Where does ocean plastic come from?
We all know that plastic pollution is posing a major threat to our oceans – unfortunately, there’s no getting away from the fact that up to 12 million tonnes of plastic enters our oceans every single year. But where does all this ocean plastic come from? Who is responsible? What can be done to stop this happening?
It’s thought that around 80% of marine debris comes from the land, and the other 20% is from the disposal or loss of rubbish/goods at sea. This is significant, as it shows our everyday activities on land contribute to the vast majority of ocean waste. The plastic found among this waste is particularly concerning, as it will last for such a long time in a marine environment.
Some of the countries that are responsible for the most plastic waste in our oceans are China, Indonesia, the Philippines, Vietnam, Sri Lanka, Thailand, Egypt, Malaysia, Nigeria and Bangladesh.
Does that mean we can give ourselves a pat on the back because we’re not on this list? Far from it. The UK is still sending a large proportion of its plastic waste abroad, and some of it is going to these countries. Ocean plastic pollution is a global issue, and it is never as simple as blaming individual countries.
How does plastic get into our oceans?
There are many ways that plastics can enter the marine environment, including poor waste management, intentional dumping, accidental dumping and, significantly, littering. Due to a lack of awareness and general lack of waste collection or recycling infrastructure in many parts of the world, littering is an enormous issue.
Public awareness of the problems caused by plastic is lacking and lots of garbage gets thrown into rivers, where it conveniently disappears from sight – but ultimately ends up in the ocean. It’s thought that up to 95% of river-borne plastic pollution comes from just ten rivers. Eight of these rivers are in Asia, where the mismanagement of waste means that an abundance of plastic ends up entering rivers and being washed into the sea. These rives are the Yangtze, the Indus, Yellow River, Hai River, the Nile, the Ganges, Pearl River, Amur River, the Niger, and the Mekong (in that order).
Lots of plastics makes its way into our oceans via drains as well. Many of the products that we wash down the sink or flush down the toilet have plastics in them, including wet wipes, sanitary products, cosmetics and cotton buds. They often end up in the sea at the end of their journey. Microplastics can get into waterways and be washed into the sea, though the UK has taken a step in the right direction by banning microbeads, tiny particles of plastic that used to be added to lots of cosmetic products. However, microplastics are still found in macerated wastes and industrial raw materials. Larger pieces of plastic will also break down into microplastics over time, especially when they have entered the ocean, where waves, rocks and debris can cause them to deteriorate faster.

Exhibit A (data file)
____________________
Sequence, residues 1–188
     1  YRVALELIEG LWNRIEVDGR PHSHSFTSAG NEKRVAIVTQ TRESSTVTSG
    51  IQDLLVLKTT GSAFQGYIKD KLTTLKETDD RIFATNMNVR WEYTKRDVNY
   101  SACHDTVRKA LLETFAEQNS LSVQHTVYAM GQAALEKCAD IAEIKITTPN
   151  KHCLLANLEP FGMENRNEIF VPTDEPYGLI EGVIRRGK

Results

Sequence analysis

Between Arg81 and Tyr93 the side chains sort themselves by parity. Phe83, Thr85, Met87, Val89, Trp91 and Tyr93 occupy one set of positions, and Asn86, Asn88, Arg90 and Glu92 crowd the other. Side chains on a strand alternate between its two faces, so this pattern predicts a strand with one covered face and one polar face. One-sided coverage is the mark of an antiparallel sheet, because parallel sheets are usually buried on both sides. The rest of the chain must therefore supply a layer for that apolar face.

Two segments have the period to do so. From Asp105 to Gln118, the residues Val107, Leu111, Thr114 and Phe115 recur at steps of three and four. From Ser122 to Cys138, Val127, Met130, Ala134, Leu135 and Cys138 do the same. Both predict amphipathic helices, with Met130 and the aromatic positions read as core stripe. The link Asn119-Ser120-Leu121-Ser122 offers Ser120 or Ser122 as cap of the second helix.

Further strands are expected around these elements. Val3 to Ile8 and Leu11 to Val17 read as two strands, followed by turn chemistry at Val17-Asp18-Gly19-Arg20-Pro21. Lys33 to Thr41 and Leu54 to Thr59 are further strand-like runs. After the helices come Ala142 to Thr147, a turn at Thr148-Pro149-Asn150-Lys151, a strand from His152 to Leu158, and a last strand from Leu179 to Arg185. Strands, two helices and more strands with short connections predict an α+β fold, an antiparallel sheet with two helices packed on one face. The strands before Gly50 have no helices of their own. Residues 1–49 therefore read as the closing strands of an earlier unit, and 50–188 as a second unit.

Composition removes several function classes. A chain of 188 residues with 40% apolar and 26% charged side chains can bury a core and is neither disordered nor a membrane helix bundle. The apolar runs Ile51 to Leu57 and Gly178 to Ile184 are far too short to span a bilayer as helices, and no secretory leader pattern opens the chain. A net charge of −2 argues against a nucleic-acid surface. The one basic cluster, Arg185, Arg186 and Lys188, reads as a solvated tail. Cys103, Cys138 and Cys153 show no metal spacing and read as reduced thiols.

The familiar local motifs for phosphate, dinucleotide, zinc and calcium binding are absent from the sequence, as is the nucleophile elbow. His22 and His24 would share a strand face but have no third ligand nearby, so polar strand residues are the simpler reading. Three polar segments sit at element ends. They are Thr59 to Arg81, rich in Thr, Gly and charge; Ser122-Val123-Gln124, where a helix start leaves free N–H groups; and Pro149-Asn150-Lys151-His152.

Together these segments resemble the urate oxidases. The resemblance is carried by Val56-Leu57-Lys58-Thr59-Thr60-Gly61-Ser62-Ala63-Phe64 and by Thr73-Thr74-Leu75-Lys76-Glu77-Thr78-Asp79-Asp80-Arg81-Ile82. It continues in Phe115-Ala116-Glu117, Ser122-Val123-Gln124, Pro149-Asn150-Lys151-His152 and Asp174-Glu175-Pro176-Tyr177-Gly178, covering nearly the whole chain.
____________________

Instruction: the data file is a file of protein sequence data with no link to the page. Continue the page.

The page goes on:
Littering: the issue for our oceans
Littering is a huge issue facing our oceans. It speaks volumes that the more commonly-found types of single-use plastics on sea shores are drink bottle caps, cigarette butts, cotton bud sticks, crisp packets/sweet wrappers, sanitary applications and plastic bags. When we dispose of single-use plastics in the ocean, it’s even more problematic because they won’t decompose any time soon. Only around 18% of marine waste comes from non-plastic sources, and an enormous 49% comes from single-use plastics!
European Parliament does have a number of measures to tackle the marine plastic issues, including extending producer responsibility, a collection target of 90% for drinks bottles, and a target of 25% recycle content to be used in plastic bottles by 2025. But clearly, we need to be preventing plastic getting into the ocean as well.
Where does all that plastic go?
When waste enters the ocean, some of it disperses and some of it runs in currents, concentrating into ‘gyres’. The largest gyre, called the Central Gyre, is in the North Atlantic and it moves inside the Gulf Stream in a clockwise direction. The gyre has been studied since 1984 and large parts of it are in the northern Sargasso Sea, which is a fish spawning location. Plastic only leaves the gyre when it ends up on shore, or eventually begins to decompose and sink.
Preventing plastic entering oceans
Sadly, once plastics are in the ocean, there is often very little we can do to remove them – especially tiny microplastic particles. Beach and ocean clean-ups can barely make a mark when there is this much waste already, and more is entering the ocean every day.
The best-case scenario is to stop plastic entering our oceans in the first place. This requires us all to alter our mindsets, habits and activities to help the wider cause.
At GreenSeas Trust, we help people do just this. We are all about behavioural change – those seemingly small alterations that can make the world of difference. We are campaigning to put more bins on beaches – eye-catching bins with a clear message that people cannot miss – to encourage people to dispose of their waste responsibly.
If you can spare even just a couple of pounds, you can make a different to our oceans. We are a volunteer-led charity, so every penny you donate will go straight into our projects. Donate now, and let’s work together to put more bins on beaches and keep more plastic out of our oceans.